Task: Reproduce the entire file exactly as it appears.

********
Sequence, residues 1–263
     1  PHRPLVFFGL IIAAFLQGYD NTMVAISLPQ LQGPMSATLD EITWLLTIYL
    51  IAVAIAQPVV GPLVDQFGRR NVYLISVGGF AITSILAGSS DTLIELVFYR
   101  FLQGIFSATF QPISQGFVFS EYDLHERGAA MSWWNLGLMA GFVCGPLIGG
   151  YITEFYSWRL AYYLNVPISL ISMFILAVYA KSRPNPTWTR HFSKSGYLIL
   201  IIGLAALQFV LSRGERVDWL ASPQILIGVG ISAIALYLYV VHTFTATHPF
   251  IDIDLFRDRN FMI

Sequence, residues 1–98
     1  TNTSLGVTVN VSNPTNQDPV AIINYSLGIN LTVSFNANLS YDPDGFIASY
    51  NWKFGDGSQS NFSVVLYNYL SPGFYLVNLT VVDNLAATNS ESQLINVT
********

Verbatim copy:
Sequence, residues 1–263
     1  PHRPLVFFGL IIAAFLQGYD NTMVAISLPQ LQGPMSATLD EITWLLTIYL
    51  IAVAIAQPVV GPLVDQFGRR NVYLISVGGF AITSILAGSS DTLIELVFYR
   101  FLQGIFSATF QPISQGFVFS EYDLHERGAA MSWWNLGLMA GFVCGPLIGG
   151  YITEFYSWRL AYYLNVPISL ISMFILAVYA KSRPNPTWTR HFSKSGYLIL
   201  IIGLAALQFV LSRGERVDWL ASPQILIGVG ISAIALYLYV VHTFTATHPF
   251  IDIDLFRDRN FMI

Sequence, residues 1–98
     1  TNTSLGVTVN VSNPTNQDPV AIINYSLGIN LTVSFNANLS YDPDGFIASY
    51  NWKFGDGSQS NFSVVLYNYL SPGFYLVNLT VVDNLAATNS ESQLINVT